Jennifer Letchet Paintings

My work explores fundamental elements of painting, the relationship between colour and line. I intend my paintings to affect the viewer optically with the illusion of shapes moving and receding. Colour theory is very important to my work. I use specific hues to symbolise ideas or emotions. The contained shapes on canvases seem more like objects than lines. My recent work explores natural and man-made disasters and the impact this has on our environment. I want to record the changing landscape through simplified shapes and colours.

Thursday, 18 August 2011

Review: Richard Long and Giuseppe Penone at The Haunch of Venison

Richard Long and Giuseppe Penone make for an interesting show at The Haunch of Venison.  Haunch of Vension occupy a magnificent space behind the Royal Academy.  The large grand rooms with high ceilings offset Long's sculptures brilliantly.  The land art gets lost in the expansive rooms.  The magnitude of the pieces dissolves and you can see them in relation to each other.  The space here offers greater room for dialogue between the works.  The sculptures lie in front of wall drawings and text about the landscape, further einforcing the importance of nature,and our relationship to it.

Long and Penone's work sit in different rooms, yet they flow from one to another.  Penone's work seesm more abstract and autonomous than Long.  On all four walls hangs large canvases constructed from four canvases.  At first glance, they appear to be black matte canvases with metallic paint.  Yet on a closer inspection they reveal themselves to be graphite pencil on black paper. The shapes and mark making on the paper feel organic and fluid.  They seems natural as though drawn from the landscape.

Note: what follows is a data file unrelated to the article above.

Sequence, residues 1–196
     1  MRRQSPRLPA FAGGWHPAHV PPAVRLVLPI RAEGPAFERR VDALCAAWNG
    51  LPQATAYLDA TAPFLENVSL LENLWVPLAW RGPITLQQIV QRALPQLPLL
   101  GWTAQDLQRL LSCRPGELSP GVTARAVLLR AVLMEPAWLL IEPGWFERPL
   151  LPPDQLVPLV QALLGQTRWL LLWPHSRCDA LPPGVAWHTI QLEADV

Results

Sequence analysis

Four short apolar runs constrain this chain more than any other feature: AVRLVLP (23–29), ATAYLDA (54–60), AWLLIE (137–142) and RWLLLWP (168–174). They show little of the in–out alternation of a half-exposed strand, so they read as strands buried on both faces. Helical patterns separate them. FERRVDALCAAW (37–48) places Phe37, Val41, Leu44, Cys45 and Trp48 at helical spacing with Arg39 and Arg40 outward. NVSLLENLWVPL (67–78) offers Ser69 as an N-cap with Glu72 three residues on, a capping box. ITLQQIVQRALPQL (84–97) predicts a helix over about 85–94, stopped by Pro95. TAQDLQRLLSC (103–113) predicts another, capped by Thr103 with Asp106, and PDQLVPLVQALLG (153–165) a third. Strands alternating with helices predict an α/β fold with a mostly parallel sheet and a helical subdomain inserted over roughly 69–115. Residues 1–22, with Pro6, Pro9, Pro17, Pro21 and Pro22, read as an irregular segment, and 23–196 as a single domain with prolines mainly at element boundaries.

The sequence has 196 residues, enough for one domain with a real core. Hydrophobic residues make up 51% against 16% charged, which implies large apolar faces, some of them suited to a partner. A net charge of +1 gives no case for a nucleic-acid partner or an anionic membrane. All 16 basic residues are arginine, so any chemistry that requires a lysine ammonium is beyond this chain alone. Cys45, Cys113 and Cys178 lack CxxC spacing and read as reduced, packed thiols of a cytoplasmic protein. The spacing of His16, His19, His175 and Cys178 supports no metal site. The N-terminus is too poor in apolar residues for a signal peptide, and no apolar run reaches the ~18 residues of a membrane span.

However, the marks are more like patterns random that grow organically out of the process of drawing.  Whereas, Long's work is about land and nature foremostly, Penone's work is more about the formal elements of drawing: mark-making, line, process, colour, and materials.  The graphite on black is successful, because initially the drawings appear as abstract colour field paintings.  Yet as you walk around the space, the marks and patterns reveal themelves to the viewer as the light reflects and transforms.

On the whole this show feels really well thought out and curated.  One artist, Long, is a strong champion of landscape and nature in art, and his work has been shown alongside Penone's subtle reflection of nature through abstract two-dimensional works.  A show which requires the viewer to have time to explore and experience it. 

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